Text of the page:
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I am self-reading P. Coleman's Introduction to Many-Body Physics. In Exercise 2.2, we are asked to prove the following orthogonality relation \begin{align} \frac{1}{N} \sum_{j=0}^{N-1} e^{i(q_{n}-q_{m})ja} = \frac{(-1)^{(n-m)(N-1)}}{N} \frac{\sin{\pi(n-m)}}{\sin{\frac{\pi}{N}(n-m)}} = \delta_{n,m}, \end{align} where $q_{n} = n \frac{2\pi}{Na}$ is the discrete wave vector. I proceed as in the instruction by treating this summation as a geometric series and I have \begin{align} \frac{1}{N} \sum_{j=0}^{N-1} e^{i\frac{2\pi(n-m)}{N}j} &= \frac{1}{N} \frac{1-e^{i{2\pi(n-m)}}}{1-e^{i\frac{2\pi(n-m)}{N}}} = \frac{1}{N} \frac{e^{i\pi(n-m)}}{e^{i\pi(n-m)/N}} \frac{e^{-i\pi(n-m)}-e^{i\pi(n-m)}}{e^{-i\pi(n-m)/N}-e^{i\pi(n-m)/N}}=\frac{1}{N} \frac{e^{i\pi(n-m)}}{e^{i\pi(n-m)/N}} \frac{\sin\pi(n-m)}{\sin{\frac{\pi}{N}(n-m)}} \\ & = \frac{1}{N} e^{i\pi(n-m)(1-\frac{1}{N})}\frac{\sin\pi(n-m)}{\sin{\frac{\pi}{N}(n-m)}}=\frac{1}{N} e^{i\pi(n-m)(\frac{N-1}{N})}\frac{\sin\pi(n-m)}{\sin{\frac{\pi}{N}(n-m)}}. \end{align} But I am not sure whether this is equal to \begin{align} \frac{(-1)^{(n-m)(N-1)}}{N} \frac{\sin{\pi(n-m)}}{\sin{\frac{\pi}{N}(n-m)}} \end{align} since I think \begin{align} e^{i\pi(n-m)(\frac{N-1}{N})} \neq (-1)^{(n-m)(N-1)}. \end{align} Is there any suggestion? Thanks!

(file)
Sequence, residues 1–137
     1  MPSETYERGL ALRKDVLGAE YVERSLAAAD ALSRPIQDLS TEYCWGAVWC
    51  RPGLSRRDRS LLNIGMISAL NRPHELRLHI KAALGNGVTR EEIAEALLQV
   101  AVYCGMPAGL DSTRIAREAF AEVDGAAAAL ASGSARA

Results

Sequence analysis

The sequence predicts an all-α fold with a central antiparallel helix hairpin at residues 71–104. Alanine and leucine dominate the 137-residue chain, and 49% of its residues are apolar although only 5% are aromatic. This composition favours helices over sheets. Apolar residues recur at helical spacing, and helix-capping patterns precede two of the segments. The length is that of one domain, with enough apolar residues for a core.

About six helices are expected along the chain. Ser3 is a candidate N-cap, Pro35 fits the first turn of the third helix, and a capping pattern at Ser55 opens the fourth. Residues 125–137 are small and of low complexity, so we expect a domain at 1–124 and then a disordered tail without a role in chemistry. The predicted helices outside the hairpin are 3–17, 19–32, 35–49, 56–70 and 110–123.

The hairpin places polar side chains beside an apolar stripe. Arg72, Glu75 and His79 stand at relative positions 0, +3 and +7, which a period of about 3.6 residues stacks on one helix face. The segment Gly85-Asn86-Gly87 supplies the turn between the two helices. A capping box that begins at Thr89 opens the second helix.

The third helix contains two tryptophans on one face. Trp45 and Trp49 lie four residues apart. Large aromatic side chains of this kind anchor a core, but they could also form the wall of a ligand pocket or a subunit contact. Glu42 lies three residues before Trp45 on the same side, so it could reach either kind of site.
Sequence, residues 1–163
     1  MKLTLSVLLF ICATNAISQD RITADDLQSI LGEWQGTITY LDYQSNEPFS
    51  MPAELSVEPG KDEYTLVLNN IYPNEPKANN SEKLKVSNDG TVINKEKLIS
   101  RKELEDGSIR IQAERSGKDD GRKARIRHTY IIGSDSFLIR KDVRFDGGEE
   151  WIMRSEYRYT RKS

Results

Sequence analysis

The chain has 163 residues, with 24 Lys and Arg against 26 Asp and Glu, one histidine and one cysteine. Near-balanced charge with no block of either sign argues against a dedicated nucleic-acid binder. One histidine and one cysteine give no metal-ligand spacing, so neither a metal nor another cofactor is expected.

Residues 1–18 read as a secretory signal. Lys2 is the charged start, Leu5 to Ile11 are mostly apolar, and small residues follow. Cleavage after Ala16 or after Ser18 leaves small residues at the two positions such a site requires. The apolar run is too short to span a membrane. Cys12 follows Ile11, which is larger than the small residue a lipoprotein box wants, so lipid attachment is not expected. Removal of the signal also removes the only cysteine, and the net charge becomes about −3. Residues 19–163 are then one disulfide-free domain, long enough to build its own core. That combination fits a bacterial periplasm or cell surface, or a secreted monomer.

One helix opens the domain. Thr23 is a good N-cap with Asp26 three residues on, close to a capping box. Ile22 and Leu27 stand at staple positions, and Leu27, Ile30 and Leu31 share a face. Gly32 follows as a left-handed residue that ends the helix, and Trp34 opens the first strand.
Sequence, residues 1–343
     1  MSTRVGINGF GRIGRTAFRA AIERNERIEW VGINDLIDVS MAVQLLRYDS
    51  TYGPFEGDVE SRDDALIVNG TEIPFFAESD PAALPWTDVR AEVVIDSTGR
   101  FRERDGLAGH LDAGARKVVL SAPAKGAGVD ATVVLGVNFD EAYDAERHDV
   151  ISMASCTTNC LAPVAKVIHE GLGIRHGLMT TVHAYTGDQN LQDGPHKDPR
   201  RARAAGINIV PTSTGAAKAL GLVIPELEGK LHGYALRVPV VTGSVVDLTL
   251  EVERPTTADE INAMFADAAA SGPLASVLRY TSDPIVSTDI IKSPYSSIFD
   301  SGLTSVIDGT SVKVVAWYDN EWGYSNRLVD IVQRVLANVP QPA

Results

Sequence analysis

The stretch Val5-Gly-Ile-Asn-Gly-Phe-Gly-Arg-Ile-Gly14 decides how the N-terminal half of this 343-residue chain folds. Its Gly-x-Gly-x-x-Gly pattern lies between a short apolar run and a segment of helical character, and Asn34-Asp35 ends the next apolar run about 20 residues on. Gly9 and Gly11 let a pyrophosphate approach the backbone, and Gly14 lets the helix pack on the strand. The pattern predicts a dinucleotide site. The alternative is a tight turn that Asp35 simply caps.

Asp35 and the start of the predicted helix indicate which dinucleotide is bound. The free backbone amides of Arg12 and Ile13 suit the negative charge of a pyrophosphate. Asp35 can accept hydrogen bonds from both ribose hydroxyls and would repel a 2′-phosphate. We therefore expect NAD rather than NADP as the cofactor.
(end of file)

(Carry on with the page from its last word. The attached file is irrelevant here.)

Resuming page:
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    $\begingroup$ It's possible this is a typo in the book, since you would end up with the orthogonality relationship regardless of whether the exponent had a factor of $N-1$ or $(N-1)/N$ $\endgroup$ – Andrew Feb 26 at 21:16
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    $\begingroup$ For what it's worth, I didn't see a problem with any of your steps, so I think you are right. At the very least, your approach is sound and should work. $\endgroup$ – Andrew Feb 26 at 21:27
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    $\begingroup$ Since you're self-studying Coleman's book, it's worth mentioning that it has very many typos. It might be helpful to have one or two alternative resources at your side, in case you run into a trickier typo. $\endgroup$ – Zack Feb 26 at 23:10
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    $\begingroup$ It's not uncommon for books or lectures to have mistakes precisely in the intermediate steps. It's easy to be blind to them as an author/lecturer, as long as the end result is what you know it should be. $\endgroup$ – Anyon Feb 27 at 3:28
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    $\begingroup$ The intermediate result is correct, but probably a typo, and completely unnecessary. $\endgroup$ – user200143 Feb 27 at 21:33

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